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Belle | Mamoru Hosoda’s Evolving Vision of Digital Empowerment

Over Digimon Adventure: Our War Game!, Summer Wars, and Belle, Mamoru Hosoda explored everything from the Millenium Bug to social media.

Warning: This article contains spoilers for the Star Trek: The Original Series episode ‘A Taste of Armageddon’ (S1, Ep23), WarGames (1983), Digimon Adventure: Our War Game! (2000), Summer Wars (2009), and Belle (2021). Proceed with caution.

Star Trek: The Original Series ‘A Taste of Armageddon’ (S1, Ep23), February 23rd, 1967. Captain Kirk, First Officer Spock, and a small landing party depart USS Enterprise to land on the planet Eminiar VII. Upon arrival, they’re informed by the inhabitants that Eminiar VII is at war with neighboring planet Vendikar. To limit damage to infrastructure, both planets wage this war via computers, simulating the real thing.

Soon after their arrival, they’re informed that Enterprise and the city they’ve arrived at have just been destroyed in the digital war. But while the infrastructure remains, the treaty with Vendikar demands that all casualties in the war must be upheld. The city inhabitants, along with Kirk and his crew aboard  Enterprise, must report being disintegrated, maintaining the treaty.

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WarGames and the 80s Rising Hobbyist PC Culture

Artificial Intelligence and war have been married within sci-fi for decades. A logical conclusion to the horrors and difficulty of planning a war is that the war could be fought through an emotionless algorithm. No wrong choices will be made, no human emotions will get in the way of the correct course of action.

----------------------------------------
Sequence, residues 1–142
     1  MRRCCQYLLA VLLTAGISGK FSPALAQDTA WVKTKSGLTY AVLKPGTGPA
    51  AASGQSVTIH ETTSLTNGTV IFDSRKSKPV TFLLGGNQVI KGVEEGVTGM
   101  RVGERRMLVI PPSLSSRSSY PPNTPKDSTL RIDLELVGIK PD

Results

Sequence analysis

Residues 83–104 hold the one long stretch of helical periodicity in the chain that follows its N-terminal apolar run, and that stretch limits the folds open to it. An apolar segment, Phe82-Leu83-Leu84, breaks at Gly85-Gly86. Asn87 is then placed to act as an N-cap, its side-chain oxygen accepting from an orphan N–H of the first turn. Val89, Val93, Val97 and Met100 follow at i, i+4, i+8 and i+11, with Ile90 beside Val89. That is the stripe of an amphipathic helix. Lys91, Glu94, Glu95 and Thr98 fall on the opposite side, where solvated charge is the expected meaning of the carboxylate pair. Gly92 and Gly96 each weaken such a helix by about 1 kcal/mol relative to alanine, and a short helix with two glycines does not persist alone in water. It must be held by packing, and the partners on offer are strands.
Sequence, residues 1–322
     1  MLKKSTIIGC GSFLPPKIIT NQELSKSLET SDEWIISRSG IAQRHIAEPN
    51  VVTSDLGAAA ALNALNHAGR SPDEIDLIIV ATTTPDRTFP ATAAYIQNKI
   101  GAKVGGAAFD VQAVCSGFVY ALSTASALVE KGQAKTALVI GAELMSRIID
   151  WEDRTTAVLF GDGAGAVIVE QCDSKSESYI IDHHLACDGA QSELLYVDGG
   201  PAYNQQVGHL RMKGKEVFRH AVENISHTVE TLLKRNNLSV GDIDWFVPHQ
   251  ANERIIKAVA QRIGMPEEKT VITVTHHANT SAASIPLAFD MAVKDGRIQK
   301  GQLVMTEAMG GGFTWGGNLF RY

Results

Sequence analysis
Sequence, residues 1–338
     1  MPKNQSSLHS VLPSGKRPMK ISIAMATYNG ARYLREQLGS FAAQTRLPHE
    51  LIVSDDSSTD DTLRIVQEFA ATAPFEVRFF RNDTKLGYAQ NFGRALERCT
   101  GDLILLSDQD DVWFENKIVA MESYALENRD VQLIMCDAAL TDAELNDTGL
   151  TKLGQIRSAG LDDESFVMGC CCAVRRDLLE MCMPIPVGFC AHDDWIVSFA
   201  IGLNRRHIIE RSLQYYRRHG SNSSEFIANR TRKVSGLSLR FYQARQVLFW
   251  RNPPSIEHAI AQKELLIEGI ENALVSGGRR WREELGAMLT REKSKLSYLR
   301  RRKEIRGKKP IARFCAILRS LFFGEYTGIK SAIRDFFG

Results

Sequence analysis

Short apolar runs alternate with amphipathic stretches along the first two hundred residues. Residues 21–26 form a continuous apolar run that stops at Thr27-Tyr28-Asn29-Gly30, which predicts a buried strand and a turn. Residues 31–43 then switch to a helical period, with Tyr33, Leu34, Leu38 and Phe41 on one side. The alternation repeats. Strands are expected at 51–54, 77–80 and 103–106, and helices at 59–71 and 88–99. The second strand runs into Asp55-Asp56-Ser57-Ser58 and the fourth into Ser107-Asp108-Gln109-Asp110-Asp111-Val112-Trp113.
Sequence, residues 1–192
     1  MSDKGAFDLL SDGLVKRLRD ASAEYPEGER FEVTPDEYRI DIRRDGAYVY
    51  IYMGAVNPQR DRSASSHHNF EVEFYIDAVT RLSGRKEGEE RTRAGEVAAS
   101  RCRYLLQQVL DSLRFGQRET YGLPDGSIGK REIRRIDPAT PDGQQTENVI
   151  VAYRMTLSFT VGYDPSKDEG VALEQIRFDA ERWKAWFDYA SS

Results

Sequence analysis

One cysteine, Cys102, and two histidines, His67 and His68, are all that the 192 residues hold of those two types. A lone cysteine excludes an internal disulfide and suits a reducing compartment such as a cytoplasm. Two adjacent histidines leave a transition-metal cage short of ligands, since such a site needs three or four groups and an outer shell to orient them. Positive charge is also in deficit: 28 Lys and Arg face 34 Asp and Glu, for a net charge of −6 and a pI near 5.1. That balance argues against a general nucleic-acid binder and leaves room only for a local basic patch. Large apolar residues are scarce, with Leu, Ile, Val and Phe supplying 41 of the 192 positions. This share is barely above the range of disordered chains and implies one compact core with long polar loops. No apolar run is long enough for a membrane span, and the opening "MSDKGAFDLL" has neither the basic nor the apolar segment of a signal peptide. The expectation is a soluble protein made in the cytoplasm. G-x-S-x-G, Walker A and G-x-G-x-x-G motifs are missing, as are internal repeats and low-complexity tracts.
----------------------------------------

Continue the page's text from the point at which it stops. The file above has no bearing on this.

NORAD (North American Aerospace Defense Command) in WarGames (1983). Until 2008, NORAD was based out of Stargate SG-1’s very own Cheyenne Mountain Complex. | MGM, 1983.

At the start of the 1983 movie WarGames, two United Air Force employees find it impossible to turn the key and launch missiles at the enemy despite having clear signs that the country is under attack. This attack ends up being a practice run that the employees were unaware of but their failure to react according to protocol convinces the American government to remove that human element and instead replace them with a computer named WOPR (War Operation Plan Response) that will act as needed.

At the time of the film’s release, The Cold War between the Soviet Union and the United States was technically still ongoing; a tense period of worry built around mutually assured destruction that had begun to calm but remained relevant within the minds of audiences. It’s no surprise then that movies of the period discussed and reflected on the possibilities here.

David Lightman (Matthew Broderick) plays classic arcade shooter Galaga in WarGames (1983). Galaga also appears in The Karate Kid (1984) and The Avengers (2012). | MGM, 1983.

David Lightman, played by Matthew Broderick, uses his computer skills to game systems. He hacks into airlines for free flights and adjusts his grades at school all from the comfort of his own bedroom. This method of hacking required having his computer dial out to random numbers across his desired location and waiting for a ping back from a computer. Once a ping back is brought, Lightman can manually confirm he has found the place he was seeking and get to work.

Seeking to play a new game coming out, Lightman starts calling out across California in hopes of hacking into the developer’s company and grabbing a copy of the game early. He soon gets a ping back from a line and checks it. Filled with the names of games like Falken’s Maze, Chess, and Poker, Lightman thinks he has found it. At the bottom of the list lies “Global Thermonuclear War.”

Soon after loading the game, he finds himself fighting a digital war against an AI, unaware that he is in fact playing out a simulation with WOPR itself and that his actions within this simulation could cause enough of a red flag for the machine to launch real missiles at their enemy. After attacking some US cities in the game (playing on the side of the Soviet Union), Lightman causes alarms to blare at NORAD (North American Aerospace Defence Command) as if they’re under attack. The unaware teen ends the game early and all returns to normal at NORAD, with none of them certain as to why they were just informed missiles had launched at major cities.